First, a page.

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KAFP 3535 - Demographic Change : Past Evolutions, Recent Trends and Future Prospects

Type d'enseignement : Lecture alone

Semester : Spring 2017-2018

Number of hours : 40

Language of tuition : English



Course Description

The objective of the course is to give a broad overview of the major demographic evolutions, either past, recent, or future. Demographers have developed a set of theories, concepts, and tools to measure and understand the change in populations' size and structure. They are organized around core demographic processes of attrition and renewal: fertility, mortality, and migrations. Understanding of these processes relies on a host of factors. Socioeconomic factors but also biological factors and, of course, policies are strong determinants of demographic behaviours. Both causes and consequences of demographic changes will be examined. Basic indicators used for the measurement of population dynamics will be presented in order to provide students with the ability to read tables and graphs. Attention will be paid to pitfalls in the interpretation of figures as they are routinely published and discussed in a variety of settings.


  • DESESQUELLES, Aline (Chercheur)
  • HAGEGE, Meoïn A. (Contractuel)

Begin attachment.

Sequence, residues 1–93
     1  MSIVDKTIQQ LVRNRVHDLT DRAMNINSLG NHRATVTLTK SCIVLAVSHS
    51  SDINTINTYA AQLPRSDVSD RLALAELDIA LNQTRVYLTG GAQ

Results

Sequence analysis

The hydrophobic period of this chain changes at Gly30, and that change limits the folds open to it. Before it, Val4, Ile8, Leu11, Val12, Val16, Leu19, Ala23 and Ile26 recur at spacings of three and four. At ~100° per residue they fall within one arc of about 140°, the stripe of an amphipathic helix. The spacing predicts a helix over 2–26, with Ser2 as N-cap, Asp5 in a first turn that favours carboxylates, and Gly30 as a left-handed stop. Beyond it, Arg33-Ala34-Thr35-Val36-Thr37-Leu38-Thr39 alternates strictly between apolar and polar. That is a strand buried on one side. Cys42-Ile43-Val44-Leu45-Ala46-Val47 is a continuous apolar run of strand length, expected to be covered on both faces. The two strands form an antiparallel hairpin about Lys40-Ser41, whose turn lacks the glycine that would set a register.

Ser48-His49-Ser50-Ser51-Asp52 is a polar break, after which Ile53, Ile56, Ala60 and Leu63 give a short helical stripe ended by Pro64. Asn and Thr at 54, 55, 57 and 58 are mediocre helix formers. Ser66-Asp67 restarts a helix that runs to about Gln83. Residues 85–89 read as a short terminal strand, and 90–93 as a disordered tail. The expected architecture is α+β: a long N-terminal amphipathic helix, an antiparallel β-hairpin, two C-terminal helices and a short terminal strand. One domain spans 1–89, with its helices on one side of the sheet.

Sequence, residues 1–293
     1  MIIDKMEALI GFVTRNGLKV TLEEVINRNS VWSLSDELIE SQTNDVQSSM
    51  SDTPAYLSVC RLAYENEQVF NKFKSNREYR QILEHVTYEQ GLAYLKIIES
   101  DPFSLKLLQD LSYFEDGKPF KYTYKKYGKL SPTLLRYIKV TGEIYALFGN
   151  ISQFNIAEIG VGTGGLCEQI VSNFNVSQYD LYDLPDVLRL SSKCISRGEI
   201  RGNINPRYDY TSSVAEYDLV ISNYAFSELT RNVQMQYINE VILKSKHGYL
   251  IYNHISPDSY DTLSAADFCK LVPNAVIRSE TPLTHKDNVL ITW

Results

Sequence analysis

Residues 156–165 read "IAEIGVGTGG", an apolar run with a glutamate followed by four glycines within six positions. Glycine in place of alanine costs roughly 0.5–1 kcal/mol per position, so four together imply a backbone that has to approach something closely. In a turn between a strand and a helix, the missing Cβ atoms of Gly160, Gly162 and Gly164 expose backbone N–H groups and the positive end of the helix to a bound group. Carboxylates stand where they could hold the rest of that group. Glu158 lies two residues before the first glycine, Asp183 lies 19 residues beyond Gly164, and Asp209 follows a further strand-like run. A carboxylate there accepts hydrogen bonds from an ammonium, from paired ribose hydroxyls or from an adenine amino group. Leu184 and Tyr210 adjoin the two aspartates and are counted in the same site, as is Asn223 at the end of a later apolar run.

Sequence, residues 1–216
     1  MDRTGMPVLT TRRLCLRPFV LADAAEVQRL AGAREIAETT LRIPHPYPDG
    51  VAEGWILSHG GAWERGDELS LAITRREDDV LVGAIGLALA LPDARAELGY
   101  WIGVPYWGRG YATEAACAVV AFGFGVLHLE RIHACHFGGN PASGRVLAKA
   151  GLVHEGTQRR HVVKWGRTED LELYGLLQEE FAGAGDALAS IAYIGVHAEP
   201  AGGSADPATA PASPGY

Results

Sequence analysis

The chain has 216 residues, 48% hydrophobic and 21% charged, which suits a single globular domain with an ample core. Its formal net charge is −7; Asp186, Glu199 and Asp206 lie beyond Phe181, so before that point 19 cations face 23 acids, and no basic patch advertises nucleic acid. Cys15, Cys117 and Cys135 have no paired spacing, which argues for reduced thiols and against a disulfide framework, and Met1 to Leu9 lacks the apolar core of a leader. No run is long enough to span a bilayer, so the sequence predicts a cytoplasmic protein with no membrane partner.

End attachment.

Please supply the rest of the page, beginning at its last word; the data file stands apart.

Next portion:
• HERAN, François (Directeur de recherche)
  • MESLE, France (Directeur de recherche)
  • TOULEMON, Laurent (Directeur de recherche)
  • VERON, Jacques

Pedagogical format

The course consists of 7 lectures by the main instructor and 5 conferences by guest teachers.

Course validation

1) Brief demographic report (maximum: 4,000 signs including spaces). Select a topic that has/have had/will/may have demographic implications (e.g. crisis/exceptional event - war, heat wave, sudden migration flows- , long-term societal change, adoption of certain laws, scientific discovery, etc.) and give the demographic data (main indicators and figures) related to it. Deadline: session #8. 2) Extended report (maximum: 20,000 signs including spaces) on the same topic focusing on the political implications/debate related to it. Deadline: last session.


Readings should be done for the session in which they are listed. Lectures will start with an in-class discussion of these short papers (to be found on the Ined website): Session 2 : readings 1&2. Session 5 : readings 3&4. Session 7 : readings 5&6. Session 9: readings 7&8.

Required reading

  • “What length of life did our forebears have?” / Claude Masset, Population and Societies, n° 380, June 2002
  • “A spectacular decline in influenza mortality: the role of vaccination” / France Meslé, Population and Societies, n° 470, September 2010
  • More than half of the global population lives where fertility is below replacement level” / Chris Wilson, Gilles Pison, Population and Societies, n° 405, October 2004
  • “The end of one child per family in China?” / Isabelle Attané, Population and Societies, n° 535, July 2016
  • How many people live alone in France?” / Sophie Pennec, Laurent Toulemon, Population and Societies, n° 484, December 2011